In your use of the Website and/or Services you shall: comply with all applicable laws, regulations, directives and legislations which apply to your Use of the Website and/or Services in whatever country you are physically located including without limitation any and all consumer law, export control laws and regulations; provide to us true, correct and accurate information and promptly inform us in the event that any information that you have provided to us changes or becomes inaccurate; notify Mondaq immediately of any circumstances where you have reason to believe that any Intellectual Property Rights or any other rights of any third party may have been infringed; co-operate with reasonable security or other checks or requests for information made by Mondaq from time to time; and at all times be fully liable for the breach of any of these Terms by a third party using your login details to access the Website and/or Services

however, you shall not: do anything likely to impair, interfere with or damage or cause harm or distress to any persons, or the network; do anything that will infringe any Intellectual Property Rights or other rights of Mondaq or any third party; or use the Website, Services and/or Content otherwise than in accordance with these Terms; use any trade marks or service marks of Mondaq or the Contributors, or do anything which may be seen to take unfair advantage of the reputation and goodwill of Mondaq or the Contributors, or the Website, Services and/or Content.

Mondaq reserves the right, in its sole discretion, to take any action that it deems necessary and appropriate in the event it considers that there is a breach or threatened breach of the Terms.

Mondaq’s Rights and Obligations

Unless otherwise expressly set out to the contrary, nothing in these Terms shall serve to transfer from Mondaq to you, any Intellectual Property Rights owned by and/or licensed to Mondaq and all rights, title and interest in and to such Intellectual Property Rights will remain exclusively with Mondaq and/or its licensors.

Mondaq shall use its reasonable endeavours to make the Website and Services available to you at all times, but we cannot guarantee an uninterrupted and fault free service.

Mondaq reserves the right to make changes to the services and/or the Website or part thereof, from time to time, and we may add, remove, modify and/or vary any elements of features and functionalities of the Website or the services.

Mondaq also reserves the right from time to time to monitor your Use of the Website and/or services.


The Content is general information only. It is not intended to constitute legal advice or seek to be the complete and comprehensive statement of the law, nor is it intended to address your specific requirements or provide advice on which reliance should be placed. Mondaq and/or its Contributors and other suppliers make no representations about the suitability of the information contained in the Content for any purpose. All Content provided "as is" without warranty of any kind. Mondaq and/or its Contributors and other suppliers hereby exclude and disclaim all representations, warranties or guarantees with regard to the Content, including all implied warranties and conditions of merchantability, fitness for a particular purpose, title and non-infringement. To the maximum extent permitted by law, Mondaq expressly excludes all representations, warranties, obligations, and liabilities arising out of or in connection with all Content. In no event shall Mondaq and/or its respective suppliers be liable for any special, indirect or consequential damages or any damages whatsoever resulting from loss of use, data or profits, whether in an action of contract, negligence or other tortious action, arising out of or in connection with the use of the Content or performance of Mondaq’s Services.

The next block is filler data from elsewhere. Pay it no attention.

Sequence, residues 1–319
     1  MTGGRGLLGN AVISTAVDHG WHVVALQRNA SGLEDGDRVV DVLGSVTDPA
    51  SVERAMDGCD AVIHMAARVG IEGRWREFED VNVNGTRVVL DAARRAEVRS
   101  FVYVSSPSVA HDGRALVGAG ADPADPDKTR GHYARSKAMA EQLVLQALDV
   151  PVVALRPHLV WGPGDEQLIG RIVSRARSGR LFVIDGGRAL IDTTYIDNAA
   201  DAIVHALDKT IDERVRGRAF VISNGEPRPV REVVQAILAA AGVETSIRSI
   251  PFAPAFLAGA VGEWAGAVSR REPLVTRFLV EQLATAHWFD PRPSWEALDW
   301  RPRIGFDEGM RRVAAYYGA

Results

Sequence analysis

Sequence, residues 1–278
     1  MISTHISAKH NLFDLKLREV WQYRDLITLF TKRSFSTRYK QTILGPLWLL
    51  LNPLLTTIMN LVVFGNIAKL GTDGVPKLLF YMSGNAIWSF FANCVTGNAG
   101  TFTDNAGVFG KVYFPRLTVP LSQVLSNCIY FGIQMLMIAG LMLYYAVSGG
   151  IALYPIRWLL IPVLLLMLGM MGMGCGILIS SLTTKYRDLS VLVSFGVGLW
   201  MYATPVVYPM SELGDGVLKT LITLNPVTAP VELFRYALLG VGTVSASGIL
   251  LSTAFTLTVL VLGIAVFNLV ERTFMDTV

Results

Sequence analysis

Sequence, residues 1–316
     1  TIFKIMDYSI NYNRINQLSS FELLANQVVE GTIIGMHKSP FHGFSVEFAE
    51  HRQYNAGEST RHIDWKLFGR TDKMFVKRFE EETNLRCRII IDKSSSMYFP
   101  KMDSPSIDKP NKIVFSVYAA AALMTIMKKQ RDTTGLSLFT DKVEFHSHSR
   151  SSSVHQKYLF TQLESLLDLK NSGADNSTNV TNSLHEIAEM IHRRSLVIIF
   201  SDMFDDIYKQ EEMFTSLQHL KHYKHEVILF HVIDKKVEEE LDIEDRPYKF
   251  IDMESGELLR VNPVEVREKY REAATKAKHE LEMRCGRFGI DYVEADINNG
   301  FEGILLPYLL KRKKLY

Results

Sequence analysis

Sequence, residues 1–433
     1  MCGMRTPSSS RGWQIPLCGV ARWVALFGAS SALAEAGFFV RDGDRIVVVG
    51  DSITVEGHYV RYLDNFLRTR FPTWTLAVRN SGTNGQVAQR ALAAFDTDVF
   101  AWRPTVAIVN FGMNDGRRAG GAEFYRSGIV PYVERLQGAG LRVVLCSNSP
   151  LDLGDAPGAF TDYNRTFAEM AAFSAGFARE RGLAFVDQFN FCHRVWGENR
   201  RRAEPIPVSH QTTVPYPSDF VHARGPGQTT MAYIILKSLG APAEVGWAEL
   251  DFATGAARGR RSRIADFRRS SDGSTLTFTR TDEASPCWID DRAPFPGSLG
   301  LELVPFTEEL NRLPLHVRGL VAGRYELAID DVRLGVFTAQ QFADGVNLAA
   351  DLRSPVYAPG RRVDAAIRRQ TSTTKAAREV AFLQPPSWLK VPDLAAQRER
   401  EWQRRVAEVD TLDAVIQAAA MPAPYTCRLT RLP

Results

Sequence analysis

Mondaq may alter or amend these Terms by amending them on the Website. By continuing to Use the Services and/or the Website after such amendment, you will be deemed to have accepted any amendment to these Terms.

These Terms shall be governed by and construed in accordance with the laws of England and Wales and you irrevocably submit to the exclusive jurisdiction of the courts of England and Wales to settle any dispute which may arise out of or in connection with these Terms. If you live outside the United Kingdom, English law shall apply only to the extent that English law shall not deprive you of any legal protection accorded in accordance with the law of the place where you are habitually resident ("Local Law"). In the event English law deprives you of any legal protection which is accorded to you under Local Law, then these terms shall be governed by Local Law and any dispute or claim arising out of or in connection with these Terms shall be subject to the non-exclusive jurisdiction of the courts where you are habitually resident.

You may print and keep a copy of these Terms, which form the entire agreement between you and Mondaq and supersede any other communications or advertising in respect of the Service and/or the Website.

No delay in exercising or non-exercise by you and/or Mondaq of any of its rights under or in connection with these Terms shall operate as a waiver or release of each of your or Mondaq’s right. Rather, any such waiver or release must be specifically granted in writing signed by the party granting it.

If any part of these Terms is held unenforceable, that part shall be enforced to the maximum extent permissible so as to give effect to the intent of the parties, and the Terms shall continue in full force and effect.

Mondaq shall not incur any liability to you on account of any loss or damage resulting from any delay or failure to perform all or any part of these Terms if such delay or failure is caused, in whole or in part, by events, occurrences, or causes beyond the control of Mondaq. Such events, occurrences or causes will include, without limitation, acts of God, strikes, lockouts, server and network failure, riots, acts of war, earthquakes, fire and explosions.

By clicking Register you state you have read and agree to our Terms and Conditions